The NIAAA reports that 1,825 college students die each year in alcohol-related incidents, and that 599,000 incur alcohol-related injuries every year. The Gordie Foundation was established in 2004 by his family in order to promote substance abuse prevention and ensure that Gordie’s fate will not befall future students.

Underage drinking is not confined to college campuses, as social worker Cerissa Orbegoso reminded attendees after the screening. Ms. Orbegoso is the director of Liberation Programs Greenwich Youth Options and works with Greenwich students at her office at the YMCA. During a panel discussion following the screening, she described  drinking habits she has observed in the town’s youth.

She said that some high school graduates were actually anticipating the opportunity to binge drink at college, describing the summer as a time to “perfect” the drinking process before reaching the college party scene. Others had internal factors that contributed to their alcohol use, such as social anxiety. A report from the Centers for Disease Control states that more than 66% of Connecticut high schoolers have tried alcohol, and that 20% are already practicing binge drinking.

To combat these trends, Ms. Orbegoso urges parents to have “the hard conversations” with their children. Asking where a teen is going and who they will be with contributes to parents’ awareness, but can also lead the child to be more responsible with planning.

Also on the evening’s panel was Joyce Sixsmith, the community coalition coordinator for the Westchester County Coalition for Drug Free Youth. Ms. Sixsmith has more than 30 years of experience as an alcohol and drug counselor and suggests that students and their parents seek out alternatives to partying at the college prior to moving in. Seeking out club activities and campus support networks can help teens acclimate to college life faster and divert energy that could have gone towards drinking or other dangerous activities.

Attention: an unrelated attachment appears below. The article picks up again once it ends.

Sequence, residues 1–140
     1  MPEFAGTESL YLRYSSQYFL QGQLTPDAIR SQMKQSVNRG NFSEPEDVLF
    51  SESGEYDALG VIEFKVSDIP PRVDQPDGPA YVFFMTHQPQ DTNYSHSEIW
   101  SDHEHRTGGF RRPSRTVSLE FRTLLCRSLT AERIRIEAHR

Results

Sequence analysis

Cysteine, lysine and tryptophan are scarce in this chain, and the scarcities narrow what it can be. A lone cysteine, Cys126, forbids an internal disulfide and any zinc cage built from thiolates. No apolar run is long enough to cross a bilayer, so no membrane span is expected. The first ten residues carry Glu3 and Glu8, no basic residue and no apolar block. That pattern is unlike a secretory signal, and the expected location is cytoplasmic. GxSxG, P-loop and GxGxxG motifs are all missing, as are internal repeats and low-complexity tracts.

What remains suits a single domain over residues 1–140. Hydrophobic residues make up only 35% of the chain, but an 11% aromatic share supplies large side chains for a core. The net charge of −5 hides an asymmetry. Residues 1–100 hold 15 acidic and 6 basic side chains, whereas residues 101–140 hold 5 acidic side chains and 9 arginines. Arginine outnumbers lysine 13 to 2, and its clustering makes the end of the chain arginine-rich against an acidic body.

“College is a gift — not everyone gets to go,” Ms. Sixsmith said during the panel discussion. “It’s important that when you get to go, you make good choices.”

The Department of Social Services’ summer education series continued at the YMCA of Greenwich.. Ms. Orbegoso lead a seminar focused on prescription drug abuse alongside Liberation Programs prevention specialist Barry Halpin.

For more information on Liberation and the upcoming event, call 203-604-1144 or contact [email protected]

Both the full-length and edited versions of Haze: The Movie are available at Gordiescall.org/haze-the-movie. For more information on Gordie Bailey, The Gordie Foundation and substance abuse, visit Gordiecenter.studenthealth.virginia.edu.